While building your training matrix is about matching content to qualifications, creating a learning strategy focuses on creating effective training by mixing modalities, timing assignments, and using the right delivery technologies.
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Hey everyone, Kent Malmros here, Senior Director of Vault Training at Veeva Systems. I’m once again joined my by good friend John Constantine, SVP at Orchestrall, for our virtual fireside chats about critical topics in life sciences learning. And today is something we are both very passionate about, largely because we think it’s very important, but also because we know it can be very confusing, and that is creating a learning strategy. And John, I think we should get right to this topic, because maybe starting with a definition about something confusing is a good place to start. Since it’s so often misunderstood, why don’t you tell everyone what you think a learning strategy is and how it should be defined?
Yeah, so a lot of people think strategy is reserved for the C-suite, but really it’s not. Anybody who has any long-term responsibilities needs to be more proactive and less retroactive than we generally are. It’s very understandable that people are caught up in doing what they do best, and that’s delivering on a daily basis. But it’s really important with a learning strategy, particularly in the regulated space, to have had a plan beforehand on how you might respond to future events that are pretty predictable in a life sciences area, as audit inspections are pretty predictable, so what is it you’re going to do now to set yourself up for success in the future?
Right, and so when you boil that down to how you develop a learning plan, everyone has a slightly different approach, but I think, clearly, you referenced it, it includes things like: what are the key topics on which you’re training? And how are you actually going to structure that learning plan? And being proactive around that. And that often then includes questions such as how I’m going to develop content and where I’m going to deliver it. So let’s go there. Where do you think you should start? Do you start with the strategy around your training development and delivery processes, or do you start with the technologies and means you need to build and deliver them?
That’s a great question. I think the right way to start is with your business process first. A lot of times, because the business process has been siloed, or business processes have been siloed, you have multiple systems that have been purchased at companies to support a smaller business process, as opposed to the end-to-end business process. And so if you have the ability to step back and look at the end-to-end business process of compliance and then fit your systems into those processes, then you avoid that sort of promulgation of multiple systems at a company that need to be harmonized and/or integrated in the future, so if you start early and think strategically about the business process of compliance, then you have less of a need to do that integration in the future.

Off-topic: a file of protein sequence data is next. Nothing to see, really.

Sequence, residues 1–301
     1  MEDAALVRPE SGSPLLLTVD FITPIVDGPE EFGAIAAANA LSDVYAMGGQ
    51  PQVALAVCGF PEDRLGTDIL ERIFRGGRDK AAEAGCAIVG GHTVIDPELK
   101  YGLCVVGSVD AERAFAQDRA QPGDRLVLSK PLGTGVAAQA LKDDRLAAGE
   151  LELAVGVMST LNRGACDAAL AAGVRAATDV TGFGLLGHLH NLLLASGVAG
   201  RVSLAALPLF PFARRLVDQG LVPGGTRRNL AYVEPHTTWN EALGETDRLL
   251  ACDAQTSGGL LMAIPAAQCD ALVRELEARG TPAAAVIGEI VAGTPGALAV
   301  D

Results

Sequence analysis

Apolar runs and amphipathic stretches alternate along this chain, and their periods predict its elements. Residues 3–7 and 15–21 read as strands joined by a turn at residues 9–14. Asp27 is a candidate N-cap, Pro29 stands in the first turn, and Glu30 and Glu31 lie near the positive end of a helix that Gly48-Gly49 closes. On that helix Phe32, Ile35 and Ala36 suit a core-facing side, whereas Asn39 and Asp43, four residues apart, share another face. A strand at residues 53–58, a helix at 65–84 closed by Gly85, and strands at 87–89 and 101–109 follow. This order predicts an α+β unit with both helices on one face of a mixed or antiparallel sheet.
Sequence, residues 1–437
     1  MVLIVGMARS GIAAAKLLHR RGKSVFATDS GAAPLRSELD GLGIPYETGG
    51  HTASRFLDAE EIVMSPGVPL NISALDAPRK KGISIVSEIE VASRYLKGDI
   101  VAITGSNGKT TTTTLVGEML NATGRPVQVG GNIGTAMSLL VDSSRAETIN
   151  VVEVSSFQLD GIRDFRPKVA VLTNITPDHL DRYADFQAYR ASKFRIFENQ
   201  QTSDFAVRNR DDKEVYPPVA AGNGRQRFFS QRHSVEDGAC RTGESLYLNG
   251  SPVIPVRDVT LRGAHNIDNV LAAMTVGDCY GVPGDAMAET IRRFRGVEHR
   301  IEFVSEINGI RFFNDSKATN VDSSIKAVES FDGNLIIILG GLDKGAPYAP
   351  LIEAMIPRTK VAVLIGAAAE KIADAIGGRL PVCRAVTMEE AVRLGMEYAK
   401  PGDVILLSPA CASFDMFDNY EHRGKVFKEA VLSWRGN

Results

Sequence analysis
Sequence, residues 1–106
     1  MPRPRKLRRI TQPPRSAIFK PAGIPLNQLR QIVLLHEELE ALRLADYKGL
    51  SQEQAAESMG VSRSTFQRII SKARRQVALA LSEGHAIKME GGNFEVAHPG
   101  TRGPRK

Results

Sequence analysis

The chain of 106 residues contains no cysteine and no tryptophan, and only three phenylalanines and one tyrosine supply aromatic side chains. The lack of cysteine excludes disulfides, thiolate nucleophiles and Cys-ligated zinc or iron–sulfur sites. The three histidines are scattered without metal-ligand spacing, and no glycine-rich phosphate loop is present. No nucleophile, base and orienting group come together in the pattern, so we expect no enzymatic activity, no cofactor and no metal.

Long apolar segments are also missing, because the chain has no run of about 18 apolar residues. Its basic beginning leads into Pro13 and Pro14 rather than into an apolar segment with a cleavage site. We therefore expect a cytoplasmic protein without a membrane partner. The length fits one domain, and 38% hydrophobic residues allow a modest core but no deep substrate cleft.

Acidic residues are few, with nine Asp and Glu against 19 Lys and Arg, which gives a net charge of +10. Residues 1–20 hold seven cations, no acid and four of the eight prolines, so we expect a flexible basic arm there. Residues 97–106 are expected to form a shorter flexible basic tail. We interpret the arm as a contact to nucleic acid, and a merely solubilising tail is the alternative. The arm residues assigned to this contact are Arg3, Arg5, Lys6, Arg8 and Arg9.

Yeah, and learning strategy gives us the opportunity to, frankly, get into all the other topics that we plan to discuss, so we’ll save learning technology maybe for a separate conversation, in fact let’s do it in the next one, but something else we plan to discuss is some of the modern frameworks that have become popular, and how we can apply them. We’ll get into those a little bit more deeply, but I’m curious how the proliferation of things like microlearning and the changes to evaluation have maybe shifted the way you think about and help your clients develop a learning strategy. How has that impacted your thinking around a proactive approach to developing a learning plan?
Well, we’ll start with microlearning. It is a buzzword with legs, because… It has legs because it’s not really a buzzword, it’s actually founded in really good learning science, and people’s ability to learn is much more enhanced by getting small doses of things that are reinforced over time. And in the compliance space, that means having as understandable and easily digested SOPs as possible. It means that you deliver the learning to people when they need it, where they need it, and not in huge bulks of downloaded training all at once, and then just keeping the records, the records themselves are a piece of compliance, but the learning and comprehension is a really important piece too, and microlearning definitely adds to that.
Great, so I think that’s clearly a topic we also want to get into, but what I’m hearing you say is you consider the use of microlearning, its efficacy, and you can then create a learning strategy where maybe you are shifting modality, right? So you combine short digital work instructions with a related SOP. You consider, in fact, applying certain strategies to the SOPs themselves, because historically they might be long and undigestible, and if you want to make them shorter and more consumable and more effective, that can impact how you actually structure the strategy upfront, so I think that’s great advice. Excellent work, I think we can close down this topic and think about moving to our next one, we already referenced it, implementing a learning technology, so we’ll get back together and talk about that topic, but before we leave, John, any last words of advice on creating learning strategy?
No, I think, whenever you are sitting down and doing a learning strategy, if it’s forward-looking it’s always good. When you think about starting from now and doing a strategy for the future, sometimes it involves not retrofitting what you’ve done in the past and just doing something different from now on. I would encourage everybody to do that.
Great. Thanks, John. Really appreciate it. Look forward to talking to you again, next time, about these key topics of life sciences learning. Join us for that.